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The Challenge of Project-Based Learning in Times of Social Distancing

With classroom closures and a broader uncertainty shaping education in 2020, teachers must increasingly draw on strategies that inspire students to engage in interdisciplinary inquiry. Veteran educator Shiren Rattigan demonstrates how teachers can utilize online live platforms, flipped classroom instruction, essential questions, breakout rooms and innovative assessment rubrics to construct actionable and inclusive project-based learning modules.


About the Speaker

Shiren Rattigan, M.A. is a middle school teacher and co-founder of Colossal Academy, which helps teachers integrate cultural responsiveness, social-emotional learning, cyber citizenship, problem-solving, analytical and creative critical thinking to inspire greater community involvement and activism. Her most recent work explores the use of “hybrid pandemic pods” to meet student learning needs.

 

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What the Digital Divide Means for the Classroom Teacher

Inequities tied to race, gender, immigration status and social class permeated American public education long before the arrival of COVID-19. As such, the unanticipated shift from physical classrooms to online education has presented policy makers and teachers with new opportunities to examine and address educational practices that have historically limited students’ growth, particularly those from poor, low-income and disproportionately minority communities. Gissela Moya and Kim Vinh examine the possibilities, limitations and challenges of this unprecedented moment in education. Explore ways to advocate for policies that address resource inequality and practice pedagogies designed to better support students and their families.

About the Speakers

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Gissela Moya

Gissela Moya is the Tech Equity Policy Fellow at The Greenlining Institute where she focuses on digital-divide issues and algorithmic equity. Growing up in a mixed-status family exposed her to the many inequities that underserved communities face, including Internet exclusion. She holds a B.A. in political science from UC Berkeley and is a vocal advocate for Internet access for all.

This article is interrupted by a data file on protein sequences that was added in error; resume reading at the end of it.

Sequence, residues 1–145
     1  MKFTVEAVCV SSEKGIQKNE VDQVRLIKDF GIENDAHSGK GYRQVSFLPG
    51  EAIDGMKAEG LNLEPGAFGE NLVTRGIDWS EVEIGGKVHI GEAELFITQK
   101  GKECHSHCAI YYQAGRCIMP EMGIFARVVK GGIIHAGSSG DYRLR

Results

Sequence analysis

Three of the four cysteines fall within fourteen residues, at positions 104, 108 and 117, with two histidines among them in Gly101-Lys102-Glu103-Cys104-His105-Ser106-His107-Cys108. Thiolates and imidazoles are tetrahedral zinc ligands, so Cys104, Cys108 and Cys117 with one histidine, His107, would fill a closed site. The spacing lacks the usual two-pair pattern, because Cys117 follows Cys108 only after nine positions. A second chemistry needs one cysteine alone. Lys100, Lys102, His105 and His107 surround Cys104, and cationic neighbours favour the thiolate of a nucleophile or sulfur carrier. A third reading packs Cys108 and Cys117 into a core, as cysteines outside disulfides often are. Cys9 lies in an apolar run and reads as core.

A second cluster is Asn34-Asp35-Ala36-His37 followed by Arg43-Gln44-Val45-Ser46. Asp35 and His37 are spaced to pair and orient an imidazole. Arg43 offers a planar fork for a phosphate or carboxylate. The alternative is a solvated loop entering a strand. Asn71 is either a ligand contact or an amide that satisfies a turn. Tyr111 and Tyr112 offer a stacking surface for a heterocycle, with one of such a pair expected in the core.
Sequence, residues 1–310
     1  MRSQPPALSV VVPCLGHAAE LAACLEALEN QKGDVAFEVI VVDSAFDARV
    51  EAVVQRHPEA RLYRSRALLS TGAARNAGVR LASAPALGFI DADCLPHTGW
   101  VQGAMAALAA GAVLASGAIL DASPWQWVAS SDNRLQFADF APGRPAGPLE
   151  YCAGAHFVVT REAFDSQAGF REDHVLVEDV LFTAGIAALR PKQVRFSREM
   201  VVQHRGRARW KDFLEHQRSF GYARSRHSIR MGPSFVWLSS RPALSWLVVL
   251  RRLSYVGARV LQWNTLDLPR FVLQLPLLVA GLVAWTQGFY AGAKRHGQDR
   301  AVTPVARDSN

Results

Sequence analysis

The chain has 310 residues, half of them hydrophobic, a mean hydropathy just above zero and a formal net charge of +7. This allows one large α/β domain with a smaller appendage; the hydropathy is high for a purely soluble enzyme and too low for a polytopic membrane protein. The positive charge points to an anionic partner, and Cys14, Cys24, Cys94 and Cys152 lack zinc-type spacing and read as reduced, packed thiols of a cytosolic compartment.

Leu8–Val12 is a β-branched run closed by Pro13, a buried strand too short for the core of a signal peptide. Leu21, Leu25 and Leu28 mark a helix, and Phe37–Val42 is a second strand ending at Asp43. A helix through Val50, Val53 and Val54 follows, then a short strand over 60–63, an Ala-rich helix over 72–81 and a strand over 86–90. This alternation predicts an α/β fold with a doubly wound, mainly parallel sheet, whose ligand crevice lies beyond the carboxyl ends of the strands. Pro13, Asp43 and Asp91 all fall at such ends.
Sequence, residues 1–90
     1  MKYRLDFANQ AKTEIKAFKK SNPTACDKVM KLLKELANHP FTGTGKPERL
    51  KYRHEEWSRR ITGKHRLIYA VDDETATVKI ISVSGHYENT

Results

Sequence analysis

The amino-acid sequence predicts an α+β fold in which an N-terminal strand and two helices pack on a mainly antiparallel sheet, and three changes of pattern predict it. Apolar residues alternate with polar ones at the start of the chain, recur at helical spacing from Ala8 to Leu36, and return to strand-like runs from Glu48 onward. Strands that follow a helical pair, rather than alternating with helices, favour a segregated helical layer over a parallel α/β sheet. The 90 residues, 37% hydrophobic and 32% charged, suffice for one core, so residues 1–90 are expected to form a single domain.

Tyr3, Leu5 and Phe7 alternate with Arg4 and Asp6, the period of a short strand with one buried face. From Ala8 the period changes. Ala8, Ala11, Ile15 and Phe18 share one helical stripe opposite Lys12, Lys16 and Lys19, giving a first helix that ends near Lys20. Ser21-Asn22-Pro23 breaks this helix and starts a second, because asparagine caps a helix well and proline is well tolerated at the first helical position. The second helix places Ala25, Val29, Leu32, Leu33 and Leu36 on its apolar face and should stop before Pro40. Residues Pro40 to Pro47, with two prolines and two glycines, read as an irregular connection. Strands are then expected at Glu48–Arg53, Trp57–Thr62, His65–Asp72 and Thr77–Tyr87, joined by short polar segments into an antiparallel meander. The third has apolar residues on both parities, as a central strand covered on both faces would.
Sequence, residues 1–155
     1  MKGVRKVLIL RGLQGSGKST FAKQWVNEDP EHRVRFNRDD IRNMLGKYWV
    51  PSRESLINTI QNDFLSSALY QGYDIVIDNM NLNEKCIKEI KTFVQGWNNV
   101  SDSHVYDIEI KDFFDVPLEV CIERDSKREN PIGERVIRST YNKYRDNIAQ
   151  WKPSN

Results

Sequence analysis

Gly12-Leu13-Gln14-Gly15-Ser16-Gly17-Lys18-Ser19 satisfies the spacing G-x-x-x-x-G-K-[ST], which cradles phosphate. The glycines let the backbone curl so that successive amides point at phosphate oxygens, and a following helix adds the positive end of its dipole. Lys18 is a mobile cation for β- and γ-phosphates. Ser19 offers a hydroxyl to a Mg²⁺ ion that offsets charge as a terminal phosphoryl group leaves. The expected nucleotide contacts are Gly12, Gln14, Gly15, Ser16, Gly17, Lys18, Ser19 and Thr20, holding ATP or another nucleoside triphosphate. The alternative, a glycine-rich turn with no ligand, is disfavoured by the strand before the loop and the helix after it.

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Kim Vinh

Kim Vinh has been a high school teacher and teacher educator for more than 15 years. She is the program director for BUILD Bay Area, which uses the power of entrepreneurship to ignite the potential of youth. She has been a lecturer in the Stanford Teacher Education Program and serves on The Education Trust–West’s Educator Advisory Council. She holds a B.A. in English and Urban Studies and an M.A. in Education from Stanford University.

 

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Reimagining Student Engagement When the Classroom is Closed

With COVID-19 shuttering schools and requiring new online instructional alternatives, K-12 teachers face a profound challenge in recreating the learning environment that they once cultivated daily in a physical classroom space. Veteran educator James White argues that the use of online, synchronous instructional tools such as Zoom requires a fresh examination of how teachers might interpret student engagement. Gain practical teaching tools to understand the communities and norms that shape where student learning takes place in times of social distancing.


About the Speaker

James White is staff development specialist and learning manager at the Santa Clara County Office of Education. He is a graduate of the University of Southern California and earned a master's degree in education from the Harvard Graduate School of Education. James was previously program director at the Philips Brooks House Association, business operations manager at Rocketship Brilliant Minds Elementary, and manager of learning and partnerships at Summit Public Schools.